A collection of problems on standing waves

Question 1

A string of length L is clamped at each end and vibrates in a standing wave pattern. The wavelengths of the constituent traveling waves cannot be:

  1. L/2
  2. L
  3. 2L/3
  4. 2L
  5. 4L

Question 2

If the speed of sound is 340 m/s, the length of the shortest open-closed pipe that resonates at 218 Hz is:

  1. 23 cm
  2. 17 cm
  3. 39 cm
  4. 78 cm
  5. 1.6 cm

Question 3

At 20^\circ {\rm C}, a pipe open at both ends resonates at a frequency of 440 Hz. At what frequency does the same pipe resonate on a particularly cold day when the speed of sound is 3 percent lower than it would be at 20^\circ {\rm C}?

  1. 433 Hz
  2. 427 Hz
  3. 453 Hz
  4. 440 Hz
  5. 414 Hz

Question 4

A tuning fork is sounded above a resonating tube (one end closed), which resonates at a length of 0.2 m and again upon extension at 0.6 m. If the tube length were extended even further, at what point will the sound from the tuning fork again resonate in the tube?

  1. 0.8 m
  2. 1.0 m
  3. 1.2 m
  4. 1.6 m
  5. 2.0 m

Question 5

A standing wave is set up in a 2.0 m string fixed at both ends. The string vibrates in 5 distinct segments when driven by a 120 Hz source. In how many of the segments will the string vibrate if the tension is increased by a factor of 4?

Hint: For a string,

(1)   \begin{equation*}   \lambda f = v = \sqrt{\frac{T}{\mu}} \end{equation*}

where T is the string tension and \mu is the mass per unit length.

  1. 3
  2. 10
  3. 20
  4. 30
  5. No standing wave pattern will be observed

Question 6

Two strings made of different materials are joined together and stretched between rigid walls as shown in the figure. The strings are of equal length and have mass per unit length of \mu_{1}=200 g/m and \mu_{2}=800 g/m. Standing waves are setup in this arrangement with the joint as one of the nodes. What is the ratio of the wavelengths \lambda_{1}/\lambda_{2} in these two strings?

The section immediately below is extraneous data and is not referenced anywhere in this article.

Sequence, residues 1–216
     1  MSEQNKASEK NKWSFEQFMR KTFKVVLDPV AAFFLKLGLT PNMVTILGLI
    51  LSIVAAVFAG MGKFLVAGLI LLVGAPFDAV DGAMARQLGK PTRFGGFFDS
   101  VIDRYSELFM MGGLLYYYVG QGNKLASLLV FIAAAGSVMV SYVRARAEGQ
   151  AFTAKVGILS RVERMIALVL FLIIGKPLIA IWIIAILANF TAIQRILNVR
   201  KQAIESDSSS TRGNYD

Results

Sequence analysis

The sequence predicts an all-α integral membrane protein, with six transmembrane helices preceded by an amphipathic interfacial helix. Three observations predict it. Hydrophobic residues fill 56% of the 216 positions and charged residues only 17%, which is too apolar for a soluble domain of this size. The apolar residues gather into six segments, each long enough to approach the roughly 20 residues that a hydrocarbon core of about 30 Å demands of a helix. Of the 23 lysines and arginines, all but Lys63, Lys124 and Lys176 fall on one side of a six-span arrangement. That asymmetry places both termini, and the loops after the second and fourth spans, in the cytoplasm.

Rendered by QuickLaTeX.com

  1. 1/4
  2. 1/2
  3. 1
  4. 2
  5. 4

Question 7

When two tuning forks (A and B) are sounded at the same time, you also observe a beat frequency of 6 Hz if B has a frequency of 245 Hz and a beat frequency of 3 Hz if B has a frequency of 248 Hz. What is the frequency of A?

  1. 239 Hz
  2. 248 Hz
  3. 251 HZ
  4. 254 HZ
  5. More than one frequency could be correct.


Question 1: (E). The standing wave on the string will have an integer number of nodes, separated by a distance \lambda/2. That is, the length of the string must be L= k \lambda/2, \, k=1,2,3,\dots. From this relation we see that \lambda=2L/k which is satisfied by all options except \lambda=4L.

Question 2: (C). The wavelength of the sound wave will be \lambda = v/f. The shortest open-closed pipe that resonates will have a length L = \lambda/4 = v/{4f} \approx 39 cm.

Question 3: (B). Since the length of the pipe is fixed the wavelength of the harmonics don’t change. That means the frequency f reduces in proportion to the velocity v. Thus v \rightarrow 0.97 v \Rightarrow f \rightarrow 0.97 f = 427 Hz.

Question 4: (B). Since the frequency of the tuning fork is fixed wavelength of the wave is the same in all cases (recall \lambda = v/f). That means we get resonance everytime the tube extends by half a wavelength starting from the first harmonic at 0.2 m. So \lambda/2 = 0.6-0.2 = 0.4 m, and after 0.6 m the next resonance will be when the tube length is 0.6 + \lambda/2 = 1 m.

Question 5: (E). Each of the distinct segments is half a wavelength. That means 5 \lambda/2 = 2 m or \lambda = 0.8 m. Then, with f = 120 Hz we get v = \lambda f = 96 m/s. If T \rightarrow 4T, then v \rightarrow 2v since v \propto \sqrt{T} also. With f kept fixed at 120 Hz, this means \lambda \rightarrow 2 \lambda = 1.6 m. But we can’t divide a 2 m string into an integer number segments of \lambda/2 = 0.8 m each, which means no standing wave pattern is possible.

Question 6: (D). The tension T in both strings are the same, which means the wave velocities in the strings are related as

(2)   \begin{equation*}   \frac{v_1}{v_2} = \frac{\sqrt{T/\mu_1}}{\sqrt{T/\mu_2}} = \sqrt{\frac{\mu_2}{\mu_2}} = 2 . \end{equation*}

Furthermore the frequency of a wave does not change from one medium to the next, which means

(3)   \begin{equation*}   \frac{\lambda_1}{\lambda_2} = \frac{v_1}{v_2} = 2 . \end{equation*}

Question 7: (C). The beat frequency is f_{\rm beats} = |f_A - f_B|, which means f_A = f_B \pm f_{\rm beats}. With the given information we see that f_A = 245 \pm 6 Hz, and f_A = 248 \pm 3 Hz. The only option that fits both experiments is f_A = 251 Hz.

Leave a Reply